First, Minnesota and Ethiopia are intricately linked by our cultures, histories, economics and politics. I don’t accept that they are distant or unrelated in any significant way. For example, take the simple fact that for the past several decades, Ethiopians have been immigrating to Minnesota to escape persecution by their own government. What is that if not a profound relationship?
Some 20,000 Ethiopian immigrants now live in the state, which has one of the largest and most politically active Ethiopian diasporas in the world.
So my articles, in a sense, simply report on what I see and hear right here in my home state of Minnesota. I talk to Ethiopian immigrants about what they are hearing from their friends and loved ones back home. Honestly, I not only hear stories about human rights abuses in Ethiopia in these interviews, but I feel the deep trauma that has followed immigrants all the way to Minnesota, as they rebuild their lives.
As for accounts of Ethiopian government oppression that I gather, I try to verify them through multiple interviews, through global e-mails and telephone calls, Internet research, and so on.
At the national level, too, America and Ethiopia are profoundly linked. For example, many of the same emailers who lecture me to “mind my own country’s business,” also take pains to remind me, correctly, that America is a major foreign aid donor to Ethiopia—including military aid to help build, support and train an army that enforces violent policies against Ethiopian citizens. This implicates every American citizen, I would argue, very directly in Ethiopian government policies that increase suffering.
Our two countries are also closely connected economically. Many U.S. corporations—including Mobil, Starbucks, Boeing, Pratt & Whitney, Hilton Hotels, Eveready Batteries, and Ernst & Young—do business in Ethiopia. Ethiopian tourism benefits from American visitors, and the country’s main export, coffee, rests largely on sales to the gigantic U.S. coffee market.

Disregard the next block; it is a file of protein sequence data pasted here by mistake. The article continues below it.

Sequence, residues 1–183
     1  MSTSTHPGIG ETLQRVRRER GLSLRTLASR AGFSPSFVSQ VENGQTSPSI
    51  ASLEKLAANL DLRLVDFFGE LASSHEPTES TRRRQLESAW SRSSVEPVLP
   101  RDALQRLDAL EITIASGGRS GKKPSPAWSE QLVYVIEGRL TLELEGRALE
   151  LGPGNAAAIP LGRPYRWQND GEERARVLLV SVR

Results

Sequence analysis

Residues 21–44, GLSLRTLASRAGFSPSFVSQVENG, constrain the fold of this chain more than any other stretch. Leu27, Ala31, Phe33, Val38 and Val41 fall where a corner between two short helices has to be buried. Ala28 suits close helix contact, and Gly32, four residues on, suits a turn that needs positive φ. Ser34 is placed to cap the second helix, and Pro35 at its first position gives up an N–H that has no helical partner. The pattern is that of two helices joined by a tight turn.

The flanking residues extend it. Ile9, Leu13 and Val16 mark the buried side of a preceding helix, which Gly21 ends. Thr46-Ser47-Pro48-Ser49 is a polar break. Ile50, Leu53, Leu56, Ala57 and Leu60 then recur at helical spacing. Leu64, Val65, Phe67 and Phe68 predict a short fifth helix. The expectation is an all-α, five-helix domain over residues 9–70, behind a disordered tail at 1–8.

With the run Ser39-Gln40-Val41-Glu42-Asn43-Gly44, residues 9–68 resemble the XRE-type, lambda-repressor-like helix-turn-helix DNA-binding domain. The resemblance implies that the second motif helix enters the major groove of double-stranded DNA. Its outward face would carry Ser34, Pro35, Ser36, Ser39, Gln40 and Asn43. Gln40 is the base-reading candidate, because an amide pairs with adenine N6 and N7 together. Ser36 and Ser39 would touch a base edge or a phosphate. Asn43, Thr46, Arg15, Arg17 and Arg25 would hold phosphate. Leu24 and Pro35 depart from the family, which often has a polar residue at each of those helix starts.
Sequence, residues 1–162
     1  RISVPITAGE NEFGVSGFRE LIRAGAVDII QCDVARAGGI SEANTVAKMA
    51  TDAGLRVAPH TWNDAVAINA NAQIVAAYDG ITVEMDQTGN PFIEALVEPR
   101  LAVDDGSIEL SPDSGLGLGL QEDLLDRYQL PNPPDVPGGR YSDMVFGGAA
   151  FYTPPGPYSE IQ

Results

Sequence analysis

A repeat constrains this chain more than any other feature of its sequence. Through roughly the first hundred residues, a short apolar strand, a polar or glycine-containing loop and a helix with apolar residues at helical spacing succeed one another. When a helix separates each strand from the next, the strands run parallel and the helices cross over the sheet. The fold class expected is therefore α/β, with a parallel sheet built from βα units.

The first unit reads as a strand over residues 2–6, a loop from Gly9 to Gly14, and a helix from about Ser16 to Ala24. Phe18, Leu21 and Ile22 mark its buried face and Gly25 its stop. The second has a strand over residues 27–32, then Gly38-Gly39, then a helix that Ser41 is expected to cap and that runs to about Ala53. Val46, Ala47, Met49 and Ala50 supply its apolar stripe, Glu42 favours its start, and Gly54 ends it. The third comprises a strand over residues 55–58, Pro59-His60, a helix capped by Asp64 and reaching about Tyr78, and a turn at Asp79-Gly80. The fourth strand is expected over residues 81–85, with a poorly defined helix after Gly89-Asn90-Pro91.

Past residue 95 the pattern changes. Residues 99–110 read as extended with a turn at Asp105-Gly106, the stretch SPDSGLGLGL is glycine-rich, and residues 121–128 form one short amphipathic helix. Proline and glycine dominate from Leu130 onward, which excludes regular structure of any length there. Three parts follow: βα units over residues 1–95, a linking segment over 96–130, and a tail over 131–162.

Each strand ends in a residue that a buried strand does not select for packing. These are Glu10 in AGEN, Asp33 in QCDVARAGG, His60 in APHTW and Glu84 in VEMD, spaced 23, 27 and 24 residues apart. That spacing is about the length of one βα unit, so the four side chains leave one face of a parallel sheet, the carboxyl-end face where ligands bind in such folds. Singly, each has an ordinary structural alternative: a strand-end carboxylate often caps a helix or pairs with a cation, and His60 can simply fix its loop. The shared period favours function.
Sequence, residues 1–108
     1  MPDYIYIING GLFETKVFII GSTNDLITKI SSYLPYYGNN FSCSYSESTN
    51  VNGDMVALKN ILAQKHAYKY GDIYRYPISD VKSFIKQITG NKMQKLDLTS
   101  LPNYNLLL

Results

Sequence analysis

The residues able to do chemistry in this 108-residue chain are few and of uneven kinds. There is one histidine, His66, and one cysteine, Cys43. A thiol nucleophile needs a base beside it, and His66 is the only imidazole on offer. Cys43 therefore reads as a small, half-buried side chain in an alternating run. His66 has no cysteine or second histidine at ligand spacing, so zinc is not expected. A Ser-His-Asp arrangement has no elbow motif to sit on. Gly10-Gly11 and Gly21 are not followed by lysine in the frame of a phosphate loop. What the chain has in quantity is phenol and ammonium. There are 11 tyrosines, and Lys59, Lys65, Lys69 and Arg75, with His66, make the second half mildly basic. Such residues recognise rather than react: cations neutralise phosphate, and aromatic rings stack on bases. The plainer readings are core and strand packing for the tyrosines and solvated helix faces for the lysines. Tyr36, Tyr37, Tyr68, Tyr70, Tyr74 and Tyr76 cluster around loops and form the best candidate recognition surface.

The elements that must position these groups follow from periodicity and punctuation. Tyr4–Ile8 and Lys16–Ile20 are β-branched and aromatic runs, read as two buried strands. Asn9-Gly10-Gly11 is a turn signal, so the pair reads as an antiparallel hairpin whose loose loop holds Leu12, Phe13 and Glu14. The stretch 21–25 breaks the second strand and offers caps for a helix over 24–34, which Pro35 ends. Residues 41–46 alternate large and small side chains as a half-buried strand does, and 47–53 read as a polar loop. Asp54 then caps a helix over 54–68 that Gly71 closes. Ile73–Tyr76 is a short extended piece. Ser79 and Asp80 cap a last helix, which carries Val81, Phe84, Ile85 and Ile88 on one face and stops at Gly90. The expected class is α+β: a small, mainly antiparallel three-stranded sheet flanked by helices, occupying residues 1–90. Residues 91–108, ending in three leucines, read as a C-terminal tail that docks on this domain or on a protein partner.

I am a human rights journalist. By this I simply mean that I subscribe to the idea of human rights, that all human beings have the right to live free from abuse, cruelty and oppression.
With our two countries interdependent in so many ways, how could anyone sustain the argument for journalistic quarantine to my home state?
Second, I am a human rights journalist. By this I simply mean that I subscribe to the idea of human rights, that all human beings have the right to live free from abuse, cruelty and oppression. I try to create journalism that contributes to the support and expansion of global human rights.
I believe the development of human rights is one of the rare bright spots in recent human history. It offers precious evidence of mankind’s moral progress, against a great deal of evidence supporting the opposite view.
One way that journalists can help sustain human rights progress, I believe, is by morally engaging with people who live in countries at great distances from their own. Theoretically, this should be more possible than ever today, with so many new technological means to communicate across borders.
To a very great degree, I view my journalism about Ethiopia as an effort to define, develop and refine the skills of global moral engagement.
But all that sounds very abstract.
The most important reason that I write stories about human rights abuses in Ethiopia isn’t about theories of interdependence or human rights.
As a journalist, I just feel it’s my job.